Islamic Relief and the Lutheran World Federation (LWF) have begun their first joint project, which is improving living standards and tackling community tensions in Jordan.
Islamic Relief and the Lutheran World Federation (LWF) have launched their first joint project since signing a ground-breaking global Memorandum of Understanding to cooperate in humanitarian work earlier this year.
The project works with Syrian refugees and the Jordanian host community. It is centred in Al Mafraq, Jordan – an area closest to the Za’atari camp for Syrian refugees. Some 85,000 people are sheltering at Za’atari, which is now amongst the largest ‘cities’ in Jordan. A further half a million Syrians are living in neighbouring towns.
The project launch follows a visit by LWF delegates to Islamic Relief Jordan, where we involved representatives of the country’s Syrian community in shaping the much-needed scheme.
Conflict arises over resources
The presence of hundreds of thousands of Syrian refugees living among urban and rural areas in north Jordan puts enormous pressure on public services such as schools and hospitals, and creates extra demand for water, housing and food. Understandably, this has led to tensions between the Jordanian community and the refugees they are hosting.
“They host us very well,” said Syrian mother-of-two Muna. “But we have two major issues: our children find it hard to make friends with the local children in school, and the rent increases every year”.
The project is working to tackle the issues, with workshops for 300 people to promote hygiene awareness and peace-building. The first workshop with 25 participants started in late September.
“There is a competition for resources” Dr Gideon Saad, programme manager of the LWF country programme in Jordan, said. “By combining these two very different things – sanitation and hygiene with conflict resolution, we address the problem from two sides: we help people to improve living standards while resolving tensions”.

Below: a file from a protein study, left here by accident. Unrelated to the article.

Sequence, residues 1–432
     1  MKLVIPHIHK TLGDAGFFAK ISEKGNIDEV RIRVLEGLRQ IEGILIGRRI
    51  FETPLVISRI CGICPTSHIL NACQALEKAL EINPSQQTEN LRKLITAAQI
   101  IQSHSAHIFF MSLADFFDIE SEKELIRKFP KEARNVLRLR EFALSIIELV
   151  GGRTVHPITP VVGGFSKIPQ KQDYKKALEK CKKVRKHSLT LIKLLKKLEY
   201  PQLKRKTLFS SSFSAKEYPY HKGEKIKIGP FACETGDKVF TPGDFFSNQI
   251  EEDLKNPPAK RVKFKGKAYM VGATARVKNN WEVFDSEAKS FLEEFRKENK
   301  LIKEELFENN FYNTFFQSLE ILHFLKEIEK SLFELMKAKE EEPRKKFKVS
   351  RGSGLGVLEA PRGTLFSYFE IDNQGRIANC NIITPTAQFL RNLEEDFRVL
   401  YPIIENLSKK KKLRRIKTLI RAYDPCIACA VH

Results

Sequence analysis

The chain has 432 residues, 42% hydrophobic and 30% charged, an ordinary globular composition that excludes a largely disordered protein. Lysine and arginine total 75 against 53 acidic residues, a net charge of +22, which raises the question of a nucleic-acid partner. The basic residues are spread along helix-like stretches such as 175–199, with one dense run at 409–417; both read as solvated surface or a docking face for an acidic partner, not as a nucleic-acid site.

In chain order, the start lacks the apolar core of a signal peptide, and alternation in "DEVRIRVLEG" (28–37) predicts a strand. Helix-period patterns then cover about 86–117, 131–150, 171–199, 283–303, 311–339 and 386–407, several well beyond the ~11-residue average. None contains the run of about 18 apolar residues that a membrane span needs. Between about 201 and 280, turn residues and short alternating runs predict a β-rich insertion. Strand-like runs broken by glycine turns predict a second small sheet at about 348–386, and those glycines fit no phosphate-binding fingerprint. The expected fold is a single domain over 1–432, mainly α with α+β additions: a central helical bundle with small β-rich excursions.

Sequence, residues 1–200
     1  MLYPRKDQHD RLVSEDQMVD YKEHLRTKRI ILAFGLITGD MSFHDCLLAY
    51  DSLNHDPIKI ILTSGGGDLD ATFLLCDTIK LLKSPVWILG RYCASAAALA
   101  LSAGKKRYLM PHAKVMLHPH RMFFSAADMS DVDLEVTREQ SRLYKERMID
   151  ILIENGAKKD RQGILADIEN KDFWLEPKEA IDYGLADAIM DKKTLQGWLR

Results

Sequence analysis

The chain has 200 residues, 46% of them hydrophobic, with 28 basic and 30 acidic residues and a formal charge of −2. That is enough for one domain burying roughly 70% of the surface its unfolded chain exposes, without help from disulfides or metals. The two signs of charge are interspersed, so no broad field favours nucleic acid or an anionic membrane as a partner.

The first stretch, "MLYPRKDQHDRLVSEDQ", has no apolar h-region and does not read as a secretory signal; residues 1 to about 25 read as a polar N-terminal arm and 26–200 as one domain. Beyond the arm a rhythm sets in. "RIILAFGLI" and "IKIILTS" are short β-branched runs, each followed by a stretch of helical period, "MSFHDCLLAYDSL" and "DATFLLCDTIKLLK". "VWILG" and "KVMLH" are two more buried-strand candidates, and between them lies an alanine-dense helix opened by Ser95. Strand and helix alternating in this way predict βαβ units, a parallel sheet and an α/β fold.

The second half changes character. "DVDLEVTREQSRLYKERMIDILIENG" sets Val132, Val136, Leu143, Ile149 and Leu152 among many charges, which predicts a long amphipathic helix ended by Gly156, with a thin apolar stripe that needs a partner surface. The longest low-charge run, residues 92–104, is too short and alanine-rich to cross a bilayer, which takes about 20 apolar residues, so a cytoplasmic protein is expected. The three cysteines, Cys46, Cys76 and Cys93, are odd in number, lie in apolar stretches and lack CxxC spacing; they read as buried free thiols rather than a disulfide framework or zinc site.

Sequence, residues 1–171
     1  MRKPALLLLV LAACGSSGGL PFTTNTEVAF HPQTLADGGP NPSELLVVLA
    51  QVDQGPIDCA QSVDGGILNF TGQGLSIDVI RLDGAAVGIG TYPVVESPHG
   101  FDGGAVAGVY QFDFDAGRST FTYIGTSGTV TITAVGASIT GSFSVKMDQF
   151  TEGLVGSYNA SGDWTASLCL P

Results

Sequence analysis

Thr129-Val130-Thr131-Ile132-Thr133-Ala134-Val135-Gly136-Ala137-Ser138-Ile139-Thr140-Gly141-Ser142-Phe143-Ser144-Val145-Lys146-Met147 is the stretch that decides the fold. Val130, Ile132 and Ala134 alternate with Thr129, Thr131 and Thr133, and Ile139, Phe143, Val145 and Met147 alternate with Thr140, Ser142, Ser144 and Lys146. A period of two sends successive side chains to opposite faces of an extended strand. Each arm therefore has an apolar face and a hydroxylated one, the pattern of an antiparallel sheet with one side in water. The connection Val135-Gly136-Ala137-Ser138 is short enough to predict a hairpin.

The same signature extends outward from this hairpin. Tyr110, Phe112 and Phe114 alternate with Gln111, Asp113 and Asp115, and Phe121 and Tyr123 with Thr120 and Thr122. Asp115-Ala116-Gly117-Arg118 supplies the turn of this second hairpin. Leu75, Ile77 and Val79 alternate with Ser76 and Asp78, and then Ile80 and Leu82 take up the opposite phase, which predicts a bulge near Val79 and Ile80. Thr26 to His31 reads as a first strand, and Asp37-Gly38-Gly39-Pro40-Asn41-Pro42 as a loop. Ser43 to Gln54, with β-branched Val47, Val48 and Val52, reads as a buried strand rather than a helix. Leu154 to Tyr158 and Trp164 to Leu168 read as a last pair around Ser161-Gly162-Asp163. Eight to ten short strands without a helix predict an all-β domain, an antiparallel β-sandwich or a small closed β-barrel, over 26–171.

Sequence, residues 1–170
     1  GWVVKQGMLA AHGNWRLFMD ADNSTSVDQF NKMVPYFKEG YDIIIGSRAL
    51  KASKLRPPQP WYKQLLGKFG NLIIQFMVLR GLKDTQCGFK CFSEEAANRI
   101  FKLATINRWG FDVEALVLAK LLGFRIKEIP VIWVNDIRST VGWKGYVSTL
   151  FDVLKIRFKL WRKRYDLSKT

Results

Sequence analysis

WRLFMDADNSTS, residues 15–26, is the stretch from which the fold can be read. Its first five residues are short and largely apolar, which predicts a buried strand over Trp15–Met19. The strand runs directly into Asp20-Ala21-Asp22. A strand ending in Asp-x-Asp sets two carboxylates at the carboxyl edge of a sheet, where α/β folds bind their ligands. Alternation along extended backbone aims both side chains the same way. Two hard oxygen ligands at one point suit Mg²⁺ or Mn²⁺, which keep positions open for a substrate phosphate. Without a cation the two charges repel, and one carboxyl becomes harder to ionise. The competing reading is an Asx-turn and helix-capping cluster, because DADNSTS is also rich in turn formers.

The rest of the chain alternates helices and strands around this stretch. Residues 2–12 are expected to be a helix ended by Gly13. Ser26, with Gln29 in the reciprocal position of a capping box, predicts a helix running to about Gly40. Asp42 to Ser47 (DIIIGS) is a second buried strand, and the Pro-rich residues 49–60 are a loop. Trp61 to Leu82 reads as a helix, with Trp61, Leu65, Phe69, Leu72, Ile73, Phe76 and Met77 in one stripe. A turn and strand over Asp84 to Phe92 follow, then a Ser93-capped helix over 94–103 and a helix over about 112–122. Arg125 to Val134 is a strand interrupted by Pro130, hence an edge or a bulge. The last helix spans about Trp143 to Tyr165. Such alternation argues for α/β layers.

Building bridges across communities
The three-month project will work with Syrians and Jordanians, involving both men and women in weekly courses to promote awareness. The workshops encourage participants to actively and openly share their experiences and impressions of the situation in Al Mafraq, to build bridges that begin on a personal level and spread to the communities.
“The aim of the project is to increase the level of understanding between Syrian refugees and Jordanian host communities regarding their living situation, mentality, values and culture” Elhadi Abdalla Mohammed, Country Director of Islamic Relief Jordan, said. “We aim to equip community leaders and parents to mitigate and resolve conflicts in their communities”.
Participants respond well to the workshop. “In the beginning I did not speak to the Syrians who had moved in around my house,” a Jordanian woman who is participating in one of the workshops said. “But then our children began to play together and the Syrian mother began giving my children sandwiches and sending greetings to me. Gradually, the relationship grew through our children.”
At the end of the project, 25 people will participate in a ‘Train the Trainer’ workshop – enabling them to conduct similar trainings themselves, so that many more people can benefit.